Archives for category: Open Access

joys.jpgThe Journal of Yoga Studies (JoYS) is a peer-reviewed, open access e-journal committed to publishing the highest quality academic research and critical discussions on all topics related to the study of all forms of yoga, from ancient to contemporary, across multiple humanities and social sciences disciplines.

Link (Open-Access)

JoYS aims to serve the needs of this emerging field of study by offering a forum for reporting on research findings, discoveries, theoretical discussions and critical debates in the field, and for disseminating critical editions, translations, book reviews and other key reference materials.

As the ‘study of Yoga’ is a broad and varied subject, the scope of JoYS is inclusive of all forms of rigorous intellectual activity including but not limited to Religious Studies, Modern, Medieval and Classical History of South Asia, Indology, Philology, Philosophy, Anthropology, Sociology, Political Studies, Literature and Arts. Read the rest of this entry »

meditative unified compassionate awareness (cover).jpgPoppy L.A. Schoenberg, Andrea Ruf et al. Mapping complex mind states: EEG neural substrates of meditative unified  compassionate wareness. Consciousness and Cognition 57, 2018: 41-53.

Publisher (Open Access)

“Specific mental training cultivates diminished self-reference, encompassing non-duality, emptiness, awakened-awareness, and compassionate experiences. We aimed to elucidate the neural substrates of four distinct, interdependent Essence-of-Mind states: (1) timelessness, (2) non-preference, non-duality, non-conceptualization, (3) the view of luminosity and limitlessness, (4) unified compassionate experience of oneness (stable awakened-awareness). Read the rest of this entry »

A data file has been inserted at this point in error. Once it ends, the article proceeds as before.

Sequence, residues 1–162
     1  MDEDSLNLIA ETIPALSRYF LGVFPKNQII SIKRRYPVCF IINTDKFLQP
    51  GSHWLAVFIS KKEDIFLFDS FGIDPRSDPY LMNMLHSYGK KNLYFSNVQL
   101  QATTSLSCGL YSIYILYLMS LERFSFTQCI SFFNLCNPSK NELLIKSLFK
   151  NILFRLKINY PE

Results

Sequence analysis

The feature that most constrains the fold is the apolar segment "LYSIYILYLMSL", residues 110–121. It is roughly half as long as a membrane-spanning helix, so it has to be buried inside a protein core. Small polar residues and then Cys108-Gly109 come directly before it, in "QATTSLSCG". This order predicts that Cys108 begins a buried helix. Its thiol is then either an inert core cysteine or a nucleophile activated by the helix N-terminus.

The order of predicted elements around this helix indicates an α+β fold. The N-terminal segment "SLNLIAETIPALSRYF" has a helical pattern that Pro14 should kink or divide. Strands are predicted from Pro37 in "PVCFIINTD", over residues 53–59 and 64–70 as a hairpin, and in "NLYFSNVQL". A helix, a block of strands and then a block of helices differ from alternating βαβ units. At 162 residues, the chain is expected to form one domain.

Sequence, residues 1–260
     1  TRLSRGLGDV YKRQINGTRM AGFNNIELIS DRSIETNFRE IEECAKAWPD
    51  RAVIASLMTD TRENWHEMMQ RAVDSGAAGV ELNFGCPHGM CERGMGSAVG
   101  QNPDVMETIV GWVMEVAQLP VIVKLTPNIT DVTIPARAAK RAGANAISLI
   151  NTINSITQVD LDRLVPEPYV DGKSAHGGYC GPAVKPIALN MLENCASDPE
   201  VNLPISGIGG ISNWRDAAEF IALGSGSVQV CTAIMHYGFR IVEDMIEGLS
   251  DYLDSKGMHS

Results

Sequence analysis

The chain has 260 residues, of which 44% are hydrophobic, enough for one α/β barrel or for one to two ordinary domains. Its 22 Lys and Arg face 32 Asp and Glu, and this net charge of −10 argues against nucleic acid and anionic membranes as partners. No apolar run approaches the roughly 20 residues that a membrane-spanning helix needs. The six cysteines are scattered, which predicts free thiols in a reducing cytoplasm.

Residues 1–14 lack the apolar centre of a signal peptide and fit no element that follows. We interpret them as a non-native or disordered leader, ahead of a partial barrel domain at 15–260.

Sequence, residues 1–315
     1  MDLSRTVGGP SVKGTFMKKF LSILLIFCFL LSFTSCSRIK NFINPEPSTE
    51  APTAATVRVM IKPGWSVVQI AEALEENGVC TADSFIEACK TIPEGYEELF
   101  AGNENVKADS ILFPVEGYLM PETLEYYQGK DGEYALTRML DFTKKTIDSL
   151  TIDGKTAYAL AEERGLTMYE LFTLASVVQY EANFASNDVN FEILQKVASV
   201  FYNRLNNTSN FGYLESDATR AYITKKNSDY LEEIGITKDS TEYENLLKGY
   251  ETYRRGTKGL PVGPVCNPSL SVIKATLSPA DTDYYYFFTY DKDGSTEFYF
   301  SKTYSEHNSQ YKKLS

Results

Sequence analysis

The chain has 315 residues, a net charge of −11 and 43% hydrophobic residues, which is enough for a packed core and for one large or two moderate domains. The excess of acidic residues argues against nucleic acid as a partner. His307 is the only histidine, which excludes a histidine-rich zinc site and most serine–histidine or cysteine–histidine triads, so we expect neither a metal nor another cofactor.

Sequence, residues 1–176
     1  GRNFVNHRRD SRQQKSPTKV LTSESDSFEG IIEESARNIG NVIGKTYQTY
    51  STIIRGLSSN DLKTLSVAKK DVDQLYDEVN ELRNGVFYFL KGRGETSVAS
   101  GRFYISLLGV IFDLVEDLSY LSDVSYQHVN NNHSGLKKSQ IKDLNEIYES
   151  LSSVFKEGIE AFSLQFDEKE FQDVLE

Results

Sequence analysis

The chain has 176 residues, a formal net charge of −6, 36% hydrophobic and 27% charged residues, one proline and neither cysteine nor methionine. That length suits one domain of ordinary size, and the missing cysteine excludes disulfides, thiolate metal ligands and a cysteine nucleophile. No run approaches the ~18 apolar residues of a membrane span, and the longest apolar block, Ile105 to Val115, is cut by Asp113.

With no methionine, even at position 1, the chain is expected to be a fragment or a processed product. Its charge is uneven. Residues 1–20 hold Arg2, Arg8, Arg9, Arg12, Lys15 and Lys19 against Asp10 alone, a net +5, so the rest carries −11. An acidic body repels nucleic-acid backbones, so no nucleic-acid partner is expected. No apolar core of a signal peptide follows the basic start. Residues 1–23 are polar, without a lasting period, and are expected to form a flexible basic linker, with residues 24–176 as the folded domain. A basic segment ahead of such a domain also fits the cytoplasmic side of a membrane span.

9783110517460Larios, Borayin. 2017. Embodying the Vedas: Traditional Vedic Schools of Contemporary Maharashtra. De Gruyter Open, 2017. (288 pages, ISBN 978-3-11-051731-6)

Toc | Google Books | Publisher

“Popularly Hinduism is believed to be the world’s oldest living religion. This claim is based on a continuous reverence to the oldest strata of religious authority within the Hindu traditions, the Vedic corpus, which began to be composed more than three thousand years ago, around 1750–1200 BCE. The Vedas have been considered by many as the philosophical cornerstone of the Brahmanical traditions (āstika); even previous to the colonial construction of the concept of ‘Hinduism.’ Read the rest of this entry »